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05/08/13 11:54

Law Society report says Scotland would 'qualify' for EU membership

DFM Welcomes Law Society Contribution.

Deputy FM Nicola Sturgeon today welcomed a report by the Law Society of Scotland which concluded that in the event of a vote for independence ‘Scotland would have the capacity to be recognised as an independent state’ and that Scotland already complies with the EU treaties and acquis and therefore qualifies ‘in legal terms for EU membership in its own right.’

The paper, which asks the UK Government whether it would support Scotland’s position in Europe as an independent member state, also raises other significant questions for those opposed to independence - whether they plan to transfer any further powers to Scotland and how they will approach negotiations with Scotland following a vote for independence.

Responding to the report Ms Sturgeon said

“Independence means the key decisions about Scotland will be taken by the people who live here rather than by politicians at Westminster.

“This means, for example, that any future Scottish Government will have the power to shape economic and tax policies to meet Scotland’s needs, scrap the unjust bedroom tax and protect Scottish interests in the EU.

“This paper makes clear that whichever interpretation is taken of the EU treaties, Scotland already conforms to the EU’s requirements and qualifies for EU membership as well as membership of other international institutions in its own right.

“That is a the common sense position that we have set out and which is supported by a number of eminent experts in EU affairs. It would be counter to the entire ethos of the EU to seek to remove a country from the EU which wishes to remain within it and which already complies with EU laws.

“This is in stark contrast with the real and current threat to Scotland’s membership of the EU that exists as a result of the UK Government’s plans for an in/out EU referendum.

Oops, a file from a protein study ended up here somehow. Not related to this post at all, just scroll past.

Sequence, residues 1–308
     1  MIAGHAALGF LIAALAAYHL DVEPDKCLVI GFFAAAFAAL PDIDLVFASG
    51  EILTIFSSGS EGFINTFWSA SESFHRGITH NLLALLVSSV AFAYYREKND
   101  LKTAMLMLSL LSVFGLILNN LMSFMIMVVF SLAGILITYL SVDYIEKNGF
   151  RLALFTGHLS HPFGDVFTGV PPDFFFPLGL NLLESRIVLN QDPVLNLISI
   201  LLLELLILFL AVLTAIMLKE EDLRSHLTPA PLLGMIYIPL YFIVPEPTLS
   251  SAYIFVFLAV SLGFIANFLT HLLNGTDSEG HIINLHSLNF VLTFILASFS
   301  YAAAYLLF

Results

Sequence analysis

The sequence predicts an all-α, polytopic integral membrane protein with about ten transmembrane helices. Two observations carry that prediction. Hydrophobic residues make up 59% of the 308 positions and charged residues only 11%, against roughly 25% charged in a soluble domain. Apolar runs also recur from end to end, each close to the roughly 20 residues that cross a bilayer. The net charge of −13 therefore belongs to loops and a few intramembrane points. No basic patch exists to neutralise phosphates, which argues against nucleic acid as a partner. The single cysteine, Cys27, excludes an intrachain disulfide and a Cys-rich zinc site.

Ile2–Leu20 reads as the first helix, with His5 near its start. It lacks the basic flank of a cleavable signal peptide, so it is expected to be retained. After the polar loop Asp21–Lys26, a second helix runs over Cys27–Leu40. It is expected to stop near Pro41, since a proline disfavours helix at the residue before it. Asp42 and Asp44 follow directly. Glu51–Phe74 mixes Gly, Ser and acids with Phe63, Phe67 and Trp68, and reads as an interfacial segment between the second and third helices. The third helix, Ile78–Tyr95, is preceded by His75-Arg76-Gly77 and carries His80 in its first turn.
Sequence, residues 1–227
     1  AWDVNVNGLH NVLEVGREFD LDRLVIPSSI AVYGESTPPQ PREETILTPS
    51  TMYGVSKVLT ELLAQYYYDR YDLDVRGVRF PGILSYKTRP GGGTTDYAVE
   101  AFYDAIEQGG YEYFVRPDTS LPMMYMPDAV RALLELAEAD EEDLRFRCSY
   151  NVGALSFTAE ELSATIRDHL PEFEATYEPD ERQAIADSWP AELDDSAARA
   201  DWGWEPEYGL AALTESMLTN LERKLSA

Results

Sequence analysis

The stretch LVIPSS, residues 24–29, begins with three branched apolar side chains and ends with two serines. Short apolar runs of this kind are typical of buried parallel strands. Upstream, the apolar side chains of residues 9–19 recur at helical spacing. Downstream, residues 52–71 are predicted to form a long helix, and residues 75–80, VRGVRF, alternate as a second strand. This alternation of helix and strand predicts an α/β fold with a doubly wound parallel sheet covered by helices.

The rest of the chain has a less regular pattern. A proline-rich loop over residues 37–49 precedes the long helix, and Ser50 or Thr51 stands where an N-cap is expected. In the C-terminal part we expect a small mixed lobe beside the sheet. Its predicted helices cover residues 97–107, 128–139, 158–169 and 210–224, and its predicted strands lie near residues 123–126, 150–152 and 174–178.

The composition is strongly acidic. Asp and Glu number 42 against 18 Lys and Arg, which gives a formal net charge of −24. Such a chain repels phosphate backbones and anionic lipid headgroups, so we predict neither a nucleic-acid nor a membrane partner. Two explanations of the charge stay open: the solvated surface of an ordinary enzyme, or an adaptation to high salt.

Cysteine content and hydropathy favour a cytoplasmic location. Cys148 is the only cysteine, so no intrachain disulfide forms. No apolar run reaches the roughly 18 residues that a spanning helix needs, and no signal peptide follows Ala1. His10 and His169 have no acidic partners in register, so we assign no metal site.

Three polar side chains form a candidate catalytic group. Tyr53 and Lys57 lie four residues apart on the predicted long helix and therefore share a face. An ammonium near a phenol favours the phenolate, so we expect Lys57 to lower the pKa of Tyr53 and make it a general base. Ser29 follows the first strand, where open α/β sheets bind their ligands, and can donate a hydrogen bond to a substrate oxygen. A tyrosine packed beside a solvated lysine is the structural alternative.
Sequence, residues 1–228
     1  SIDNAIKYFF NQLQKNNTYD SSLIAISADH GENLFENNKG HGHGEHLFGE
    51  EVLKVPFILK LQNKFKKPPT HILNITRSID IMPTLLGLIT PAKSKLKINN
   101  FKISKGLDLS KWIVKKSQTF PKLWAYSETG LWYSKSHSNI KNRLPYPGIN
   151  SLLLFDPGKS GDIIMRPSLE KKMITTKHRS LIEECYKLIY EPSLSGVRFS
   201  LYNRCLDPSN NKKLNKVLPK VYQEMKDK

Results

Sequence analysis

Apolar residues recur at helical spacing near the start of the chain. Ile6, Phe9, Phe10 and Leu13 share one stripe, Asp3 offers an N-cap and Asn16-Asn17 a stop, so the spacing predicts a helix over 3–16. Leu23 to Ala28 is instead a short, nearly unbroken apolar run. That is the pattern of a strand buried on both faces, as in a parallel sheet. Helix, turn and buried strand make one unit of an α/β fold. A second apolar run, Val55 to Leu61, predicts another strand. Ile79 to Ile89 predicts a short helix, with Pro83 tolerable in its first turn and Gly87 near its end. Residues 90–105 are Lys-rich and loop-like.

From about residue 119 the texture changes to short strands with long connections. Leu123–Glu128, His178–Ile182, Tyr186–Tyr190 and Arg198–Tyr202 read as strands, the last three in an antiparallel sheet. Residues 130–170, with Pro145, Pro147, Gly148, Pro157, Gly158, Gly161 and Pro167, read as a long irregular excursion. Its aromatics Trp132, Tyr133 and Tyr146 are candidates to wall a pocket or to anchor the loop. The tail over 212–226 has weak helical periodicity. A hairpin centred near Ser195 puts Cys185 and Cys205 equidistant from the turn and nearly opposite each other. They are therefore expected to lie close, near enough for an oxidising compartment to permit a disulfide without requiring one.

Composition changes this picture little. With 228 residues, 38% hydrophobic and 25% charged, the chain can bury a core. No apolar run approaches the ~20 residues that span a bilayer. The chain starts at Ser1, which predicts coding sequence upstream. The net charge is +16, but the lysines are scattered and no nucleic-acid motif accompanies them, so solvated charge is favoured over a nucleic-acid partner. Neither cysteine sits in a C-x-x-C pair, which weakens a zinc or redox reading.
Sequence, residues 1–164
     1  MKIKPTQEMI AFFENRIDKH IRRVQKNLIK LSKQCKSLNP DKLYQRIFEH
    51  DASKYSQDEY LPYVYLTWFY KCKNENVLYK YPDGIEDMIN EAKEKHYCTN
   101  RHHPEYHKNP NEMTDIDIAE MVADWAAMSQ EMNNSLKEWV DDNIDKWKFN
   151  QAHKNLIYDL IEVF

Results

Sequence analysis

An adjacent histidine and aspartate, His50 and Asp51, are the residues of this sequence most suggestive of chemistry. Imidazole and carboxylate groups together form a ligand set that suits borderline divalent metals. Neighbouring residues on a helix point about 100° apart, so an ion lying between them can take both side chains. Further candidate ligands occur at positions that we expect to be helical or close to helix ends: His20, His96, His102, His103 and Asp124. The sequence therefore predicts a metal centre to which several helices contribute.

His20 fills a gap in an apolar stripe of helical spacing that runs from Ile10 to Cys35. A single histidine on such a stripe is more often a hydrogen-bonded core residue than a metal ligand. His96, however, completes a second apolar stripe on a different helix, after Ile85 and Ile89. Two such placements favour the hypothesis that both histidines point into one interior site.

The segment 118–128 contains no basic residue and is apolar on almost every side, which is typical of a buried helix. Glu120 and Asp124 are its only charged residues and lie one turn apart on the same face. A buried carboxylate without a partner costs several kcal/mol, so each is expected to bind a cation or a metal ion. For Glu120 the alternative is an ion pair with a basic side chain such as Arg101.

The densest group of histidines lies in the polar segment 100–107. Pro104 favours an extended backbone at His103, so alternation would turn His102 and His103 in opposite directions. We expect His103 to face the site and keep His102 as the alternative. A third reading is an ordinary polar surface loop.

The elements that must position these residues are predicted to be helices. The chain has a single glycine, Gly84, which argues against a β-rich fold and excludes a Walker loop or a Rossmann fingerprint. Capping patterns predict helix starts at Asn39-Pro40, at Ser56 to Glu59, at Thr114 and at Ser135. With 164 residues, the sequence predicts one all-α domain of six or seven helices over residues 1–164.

“As the Law Society will be aware we have already published a series of detailed papers and statements on key questions which show both how and why an independent Scotland would keep the pound; set out our proposals for a written constitution; and demonstrate the economic and financial strength of Scotland. We have also made clear that our White Paper will be entirely consistent with our legal advice on the issue of European membership.

“In contrast those opposed to independence cannot guarantee Scotland’s future in the European Union and have not set out what, if any, additional powers might come to a Scotland that remains within the United Kingdom.

“The success of Scotland’s independent legal system and profession, which have operated effectively for centuries and made a significant contribution to Scotland’s identity, demonstrate the distinct benefits that other sectors and professions would gain with independence.

“Over the next year we will continue to set out further the gains for people and families that independence offers."

Notes to editors

The content of any legal advice is confidential. By long-standing convention, successive Scottish and UK Governments do not disclose the content of Law Officers' advice – a position that was recently reaffirmed by the UK Minister for Europe David Lidington in giving evidence to the Europe and External Relations Committee of the Scottish Parliament when he said “it has been the practice of successive British Governments never to comment on whether we have had advice from the law officers, and not to publish advice.”

The Scottish Government wrote to the UK Government in January 2013 inviting them to make a joint submission to the European Commission on the issue of EU membership. The UK Government refused.

The UK Government’s own legal adviser, James Crawford has said the 18 month timetable for negotiations on EU membership ‘seems realistic’ (Today programme, 11 Feb 2013)

The Fiscal Commission Working Group proposed an equitable share of assets and liabilities be worked out through negotiation. The UK Government has made clear it will not negotiate in advance of a vote.

Details of the Scottish Government’s proposals for a written constitution and the transition to independence can be found at

The Scottish Government remains entirely confident of the common-sense position, supported by a number of eminent experts in EU affairs, that if the people of Scotland vote in favour of independence, Scotland will notify its intent to remain a member of the EU and negotiate the specific terms of that continued membership in the period between the referendum and the first day of independence. It would be counter to the entire ethos of the EU to seek to remove a country from the EU which wishes to remain within it and which already complies with EU laws. Further details on an independent Scotland’s continued membership of the EU will be set out in due course in the White Paper which, as the Deputy First Minister made clear in October, will be fully consistent with our legal advice.